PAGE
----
Jewelry/Metals I

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Jewelry/Metals Design I

  • Prerequisite: None
  • Open to: Grades 9-12
  • Length/Credit: Semester / .5 credit
  • Satisfies: .5 Fine Arts, .5 Occupational, or .5 Elective

The fundamentals of jewelry design are taught through a variety of technical encounters. Students learn the principles of contemporary jewelry design and elementary layout. Skills are introduced in forming, fabrication and mechanics, casting and finishing. The history of jewelry design is introduced.

Jewelry/Metals Design I Syllabus

Mrs. Muntean, Instructor, Hanford High School

Course Description:  This course is designed to introduce students to jewelry design as an art form. It is an introduction to the basic techniques necessary for the design and fabrication of jewelry and small three-dimensional forms. Various materials and techniques are explored while learning the fundamentals of contemporary jewelry design. The history of jewelry design is introduced. Students are taught through demonstrations, critiques, lecture, presentations, and guided work time. This course is designed to be the foundation for further exploration into jewelry design and metalsmithing provided in Jewelry II and Advanced Jewelry. Jewelry I is a one-semester class. It cannot be repeated.

Power Standards:

Students will understand:

  • How to use power/hand tool, torches, and other equipment properly and safely.
  • Beginning techniques of jewelry fabrication.
  • Basic designing skills and techniques.
  • The value of the historical/cultural background of jewelry design.
  • Contemporary issues and concepts of contemporary jewelry design.
  • Terminology, processes, and techniques related to metal design.

Students will be able to:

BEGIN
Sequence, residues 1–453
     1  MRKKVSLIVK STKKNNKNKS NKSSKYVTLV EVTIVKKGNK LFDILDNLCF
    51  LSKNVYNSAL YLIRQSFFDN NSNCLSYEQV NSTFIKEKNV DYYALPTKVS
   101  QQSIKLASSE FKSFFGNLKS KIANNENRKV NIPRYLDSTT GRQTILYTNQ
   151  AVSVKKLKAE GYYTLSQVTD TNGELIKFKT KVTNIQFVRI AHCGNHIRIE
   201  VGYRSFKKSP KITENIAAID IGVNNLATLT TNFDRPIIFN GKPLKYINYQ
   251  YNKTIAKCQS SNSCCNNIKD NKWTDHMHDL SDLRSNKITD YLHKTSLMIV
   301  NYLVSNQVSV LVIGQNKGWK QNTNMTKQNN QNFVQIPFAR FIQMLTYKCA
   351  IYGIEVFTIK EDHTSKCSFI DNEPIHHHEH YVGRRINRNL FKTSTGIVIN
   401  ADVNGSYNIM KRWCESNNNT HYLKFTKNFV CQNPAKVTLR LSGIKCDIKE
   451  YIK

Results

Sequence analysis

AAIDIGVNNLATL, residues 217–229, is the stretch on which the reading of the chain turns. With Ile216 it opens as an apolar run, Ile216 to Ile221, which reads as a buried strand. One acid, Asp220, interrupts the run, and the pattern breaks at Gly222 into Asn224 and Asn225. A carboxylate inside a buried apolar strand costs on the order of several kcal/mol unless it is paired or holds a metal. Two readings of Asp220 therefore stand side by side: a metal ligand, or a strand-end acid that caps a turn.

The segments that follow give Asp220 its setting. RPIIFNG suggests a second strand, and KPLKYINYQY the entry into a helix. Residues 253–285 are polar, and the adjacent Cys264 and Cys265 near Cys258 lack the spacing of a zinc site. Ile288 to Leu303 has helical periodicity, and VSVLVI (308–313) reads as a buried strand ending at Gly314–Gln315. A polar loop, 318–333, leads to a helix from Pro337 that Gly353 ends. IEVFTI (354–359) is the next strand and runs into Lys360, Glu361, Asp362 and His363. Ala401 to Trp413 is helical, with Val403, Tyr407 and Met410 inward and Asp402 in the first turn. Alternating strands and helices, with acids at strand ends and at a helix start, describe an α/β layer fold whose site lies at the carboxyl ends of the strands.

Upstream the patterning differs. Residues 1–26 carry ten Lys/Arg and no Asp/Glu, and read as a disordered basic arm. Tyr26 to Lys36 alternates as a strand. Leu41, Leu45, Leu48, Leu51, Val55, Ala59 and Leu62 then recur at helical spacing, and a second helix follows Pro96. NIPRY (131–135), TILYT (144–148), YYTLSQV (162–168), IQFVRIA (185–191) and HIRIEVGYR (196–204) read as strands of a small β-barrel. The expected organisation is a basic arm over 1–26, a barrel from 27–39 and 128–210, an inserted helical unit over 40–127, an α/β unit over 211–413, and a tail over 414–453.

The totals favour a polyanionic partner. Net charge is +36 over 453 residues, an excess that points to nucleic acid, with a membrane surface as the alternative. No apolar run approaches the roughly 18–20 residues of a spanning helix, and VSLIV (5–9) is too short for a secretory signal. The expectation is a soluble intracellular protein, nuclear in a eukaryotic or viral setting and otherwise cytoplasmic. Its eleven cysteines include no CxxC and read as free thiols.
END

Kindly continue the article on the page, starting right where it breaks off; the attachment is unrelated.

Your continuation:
• Work with a variety of hand and power tools and metals.
  • Fabricate fastening devices.
  • Develop works of personal expression to communicate ideas, emotion and information.
  • Develop technical skills for jewelry fabrication-cutting, piercing, soldering, riveting, fusing.
  • Participate in constructive class critiques.
  • Know and follow studio safety and clean-up procedures.
  • Recognize and value technical precision.
  • Develop craftsmanship skills.

The course objectives fulfill the Essential Academic Learning Requirements for the arts for students to: Understand and apply art knowledge and skills; demonstrate thinking skills using artistic processes; communicate through the arts; and to make connections within and across the arts to other disciplines, life, cultures, and work. The objectives of this course also fulfill the six content standards in the National Standards for Arts Education.

COURSE OUTLINE:  Throughout this course you will produce a large quantity of sketches, notes, and other written or visual information to help you gain ideas. You will learn basic techniques necessary for the design and fabrication of jewelry and small 3-D metal forms. You will utilize basic metal construction processes—sawing, filing, soldering, finishing, and casting, as well as, piercing, soldering, surface texturing, polishing and forming to complete a minimum of five pieces of jewelry. Projects will be assigned for each unit of study during the semester. A complete explanation and rubric with due dates will be given at the time the assignment is given. Each project requires a student written self-evaluation when work is turned in.

With each new project you will acquire new skills. All projects will require some preliminary work or “thumbnail” sketches to better help you develop your original and imaginative thoughts. You will have the opportunity to discuss your ideas with your fellow students and to discuss works after they have been completed. Art cannot be created in a vacuum—our class is one of our greatest resources.